If the situation was to change and the pupils were enable to concentrate the practice style would not work, as the class would gradually slide out of control. Therefore a different style of teaching maybe adopted. The reciprocal style is when the teacher gets the pupils into pairs to evaluate each other’s performance. The reciprocal style is where one of the pupils carries out the task and the partner evaluates the performance by observing.

The teacher then will help the partner to observe the performance and advise the feedback that should be given back both a good and critical extrinsic feedback, to give ways to improve the task they next perform. This is important, as feedback is an individual skill, the reciprocal style is the best way to involve this aspect and give them a chance to improve. This style is idea for increasing communication amongst the pupils to break barriers with in the group. During teaching practise a P. E teacher used reciprocal teaching to warm each other up in the class and tried to break up the groups of friends within the class.

The pupils were very reluctant to start off with but responded once involved in the lesson. The same style was used in a Spanish lesson the class was divided into pairs, one pupil was the shopkeeper and the other the customer. They both had criteria to follow, but they were able to judge their own partner’s performance. The learning outcome from both examples enabled them to learn how to give appropriate extrinsic feedback. The disadvantage of this style is that the wrong feedback could be give back and the partner may lose confidence or the feedback is offensive.

It works very well in P. E compared to classroom based as in P. E the pupils have more scope. The feedback is clearer and easy to give as the pupils are witnessing the performance with their eyes. The reciprocal style is dependent upon behaviour of the pupils and attitude have towards the task otherwise a different style may have to be adapted, perhaps command style to ‘cramp’ the behaviour and the early stages. The self-check style’s aim is to enable pupils to evaluate their own performance. The self-check style develops the pupil’s intrinsic feedback.

The pupil has boundaries that have to be met and they evaluate them self against a criterion, then new targets are set with the teacher. During teacher practice (TP) the self-check style was demonstrated in a P. E lesson, each pupils visited each area, which had a poster giving instruction on how to complete the task. There was a marking criterion and they had to record their own scores. It frequently occurs in Mathematics as it allows personal development, all the pupils start at the same level and work at their own pace to gain higher levels, which are discussed and decided upon by the teacher.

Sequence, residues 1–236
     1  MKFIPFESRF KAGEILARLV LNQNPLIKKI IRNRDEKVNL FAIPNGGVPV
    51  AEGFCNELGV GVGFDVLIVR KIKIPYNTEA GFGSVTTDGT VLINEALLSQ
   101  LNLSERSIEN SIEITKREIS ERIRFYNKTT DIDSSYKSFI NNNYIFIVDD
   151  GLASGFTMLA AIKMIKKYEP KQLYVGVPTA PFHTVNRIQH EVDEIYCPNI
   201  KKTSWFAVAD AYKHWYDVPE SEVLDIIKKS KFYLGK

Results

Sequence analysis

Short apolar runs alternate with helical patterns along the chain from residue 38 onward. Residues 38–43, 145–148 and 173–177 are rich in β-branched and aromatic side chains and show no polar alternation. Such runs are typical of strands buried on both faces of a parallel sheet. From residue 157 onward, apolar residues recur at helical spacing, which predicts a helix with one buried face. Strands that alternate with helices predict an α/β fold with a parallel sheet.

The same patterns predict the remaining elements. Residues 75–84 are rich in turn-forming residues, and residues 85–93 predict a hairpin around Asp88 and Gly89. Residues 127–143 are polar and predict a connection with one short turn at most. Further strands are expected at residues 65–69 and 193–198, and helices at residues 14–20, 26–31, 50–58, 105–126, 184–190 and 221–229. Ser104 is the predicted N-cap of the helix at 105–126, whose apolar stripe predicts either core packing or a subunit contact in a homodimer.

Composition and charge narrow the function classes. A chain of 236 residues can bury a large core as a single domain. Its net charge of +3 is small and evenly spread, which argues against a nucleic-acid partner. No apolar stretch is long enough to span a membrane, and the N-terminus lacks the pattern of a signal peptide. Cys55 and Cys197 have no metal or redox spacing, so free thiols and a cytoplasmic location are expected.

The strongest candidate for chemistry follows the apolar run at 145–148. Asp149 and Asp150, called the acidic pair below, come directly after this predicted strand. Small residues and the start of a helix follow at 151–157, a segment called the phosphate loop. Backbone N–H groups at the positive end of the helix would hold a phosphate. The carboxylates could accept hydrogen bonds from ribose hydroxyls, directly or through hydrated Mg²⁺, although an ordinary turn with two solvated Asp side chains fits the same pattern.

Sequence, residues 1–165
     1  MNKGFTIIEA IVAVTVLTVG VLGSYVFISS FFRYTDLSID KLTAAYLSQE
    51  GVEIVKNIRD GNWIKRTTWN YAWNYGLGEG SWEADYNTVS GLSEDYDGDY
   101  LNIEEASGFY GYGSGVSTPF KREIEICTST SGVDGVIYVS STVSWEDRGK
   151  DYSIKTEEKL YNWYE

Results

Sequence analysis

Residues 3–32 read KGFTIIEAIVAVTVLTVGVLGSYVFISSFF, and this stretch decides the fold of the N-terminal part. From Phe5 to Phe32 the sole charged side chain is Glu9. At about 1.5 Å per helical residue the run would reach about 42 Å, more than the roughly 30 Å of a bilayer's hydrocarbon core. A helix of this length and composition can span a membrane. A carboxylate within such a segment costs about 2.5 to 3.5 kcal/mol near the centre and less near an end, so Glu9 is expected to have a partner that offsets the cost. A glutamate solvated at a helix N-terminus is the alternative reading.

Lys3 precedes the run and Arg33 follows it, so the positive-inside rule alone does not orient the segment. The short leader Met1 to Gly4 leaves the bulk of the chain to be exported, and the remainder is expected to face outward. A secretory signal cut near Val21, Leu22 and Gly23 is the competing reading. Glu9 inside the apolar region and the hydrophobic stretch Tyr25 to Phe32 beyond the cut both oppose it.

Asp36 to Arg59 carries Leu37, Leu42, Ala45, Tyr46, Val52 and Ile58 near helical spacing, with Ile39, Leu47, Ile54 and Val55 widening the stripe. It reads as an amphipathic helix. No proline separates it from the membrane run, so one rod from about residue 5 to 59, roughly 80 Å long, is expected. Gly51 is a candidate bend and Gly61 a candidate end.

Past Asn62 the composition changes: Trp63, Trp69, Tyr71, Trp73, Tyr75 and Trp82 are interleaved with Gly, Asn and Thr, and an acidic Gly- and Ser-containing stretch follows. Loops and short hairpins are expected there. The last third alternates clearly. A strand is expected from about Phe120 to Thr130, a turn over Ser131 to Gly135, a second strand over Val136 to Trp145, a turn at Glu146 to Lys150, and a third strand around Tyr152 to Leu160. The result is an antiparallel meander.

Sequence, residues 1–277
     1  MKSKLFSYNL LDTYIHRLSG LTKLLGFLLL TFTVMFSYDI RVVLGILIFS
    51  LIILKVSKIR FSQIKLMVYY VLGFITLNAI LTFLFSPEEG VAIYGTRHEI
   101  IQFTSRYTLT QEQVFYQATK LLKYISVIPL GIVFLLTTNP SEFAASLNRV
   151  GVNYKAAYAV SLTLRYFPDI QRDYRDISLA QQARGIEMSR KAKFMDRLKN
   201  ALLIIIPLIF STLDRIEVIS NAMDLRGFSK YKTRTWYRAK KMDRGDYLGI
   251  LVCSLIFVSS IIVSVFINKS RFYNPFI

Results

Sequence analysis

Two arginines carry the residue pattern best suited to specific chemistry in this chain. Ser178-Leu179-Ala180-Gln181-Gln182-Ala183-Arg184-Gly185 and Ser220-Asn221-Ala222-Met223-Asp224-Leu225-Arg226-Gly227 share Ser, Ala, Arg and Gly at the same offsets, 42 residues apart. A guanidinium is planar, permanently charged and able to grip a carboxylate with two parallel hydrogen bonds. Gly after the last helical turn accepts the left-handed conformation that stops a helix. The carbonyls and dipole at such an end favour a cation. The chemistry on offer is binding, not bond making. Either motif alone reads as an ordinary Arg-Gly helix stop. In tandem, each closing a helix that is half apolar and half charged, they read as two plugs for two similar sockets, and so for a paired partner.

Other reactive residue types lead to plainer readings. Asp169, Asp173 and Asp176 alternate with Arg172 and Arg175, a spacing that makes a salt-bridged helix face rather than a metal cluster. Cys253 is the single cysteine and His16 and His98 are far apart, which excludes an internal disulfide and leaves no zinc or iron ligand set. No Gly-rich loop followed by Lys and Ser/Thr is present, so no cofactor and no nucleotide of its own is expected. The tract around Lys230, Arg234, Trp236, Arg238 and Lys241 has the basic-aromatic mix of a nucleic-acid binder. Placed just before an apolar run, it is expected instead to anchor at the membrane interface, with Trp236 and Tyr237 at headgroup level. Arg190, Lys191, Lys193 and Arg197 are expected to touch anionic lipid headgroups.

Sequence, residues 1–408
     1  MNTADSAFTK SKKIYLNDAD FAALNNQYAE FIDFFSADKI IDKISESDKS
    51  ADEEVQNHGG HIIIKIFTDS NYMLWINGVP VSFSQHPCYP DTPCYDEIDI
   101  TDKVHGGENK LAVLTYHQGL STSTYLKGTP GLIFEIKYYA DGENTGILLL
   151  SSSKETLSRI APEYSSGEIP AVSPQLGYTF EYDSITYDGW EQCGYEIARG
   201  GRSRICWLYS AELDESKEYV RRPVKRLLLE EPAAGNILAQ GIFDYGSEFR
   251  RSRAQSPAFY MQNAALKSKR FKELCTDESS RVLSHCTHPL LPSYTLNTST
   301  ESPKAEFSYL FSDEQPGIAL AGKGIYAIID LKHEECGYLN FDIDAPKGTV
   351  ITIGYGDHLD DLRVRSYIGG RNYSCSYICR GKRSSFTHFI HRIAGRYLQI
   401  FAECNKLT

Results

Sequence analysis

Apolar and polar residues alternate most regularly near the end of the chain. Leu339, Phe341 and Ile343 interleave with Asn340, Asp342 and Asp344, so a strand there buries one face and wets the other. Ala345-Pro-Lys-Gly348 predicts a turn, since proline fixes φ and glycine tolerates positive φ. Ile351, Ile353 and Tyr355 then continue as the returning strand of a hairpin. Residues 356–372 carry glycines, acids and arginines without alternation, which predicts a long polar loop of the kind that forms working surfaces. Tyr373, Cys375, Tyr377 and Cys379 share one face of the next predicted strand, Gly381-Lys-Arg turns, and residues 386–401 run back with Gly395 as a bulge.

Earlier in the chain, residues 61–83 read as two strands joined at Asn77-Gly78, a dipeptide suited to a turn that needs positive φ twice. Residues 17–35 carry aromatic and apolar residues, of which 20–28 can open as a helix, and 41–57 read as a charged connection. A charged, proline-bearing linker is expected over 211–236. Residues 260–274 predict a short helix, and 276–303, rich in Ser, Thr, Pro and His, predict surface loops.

This was witnessed during teaching practice. The learning outcome of the self-checking style can have advantages as it allows the pupils to work at their own pace and ability. Promotes differentiation to take place, it can improve their own self-motivation skills. The disadvantages are that the pupils may fall behind on the work as the have low self esteem, which can amount through poor motivation. This can show weakness to their peers as in mathematics it is apparent what level each pupils is on by the colour and number of the book they’re working from.

It appears from observations made, that the self-checking style works better in a classroom based situation compared to the P. E outside conditions, this is because the teacher is able to keep the pupils in a control area and the task the carried out are limited to using this style. The inclusion style caters for differentiation within a class as it determines the starting point at which the pupils want to start at. It’s aim is to ensure that every pupil feels comfortable about performing the task at their own level and increasing when they have built up their confidence to do so.

While observing at teaching practice I have perceived the inclusion style during an indoor athletics lesson, which included high jump. Pupils were able to put the pole at their desired height. This allowed the pupil to feel comfortable and get the correct technique. During a French lesson the teacher displayed five different work sheets ranging in difficulty and the pupils were able to start any of them. This allowed them to either start, from the easiest and work through or for the more confident start at the hardest, it demonstrated differentiation.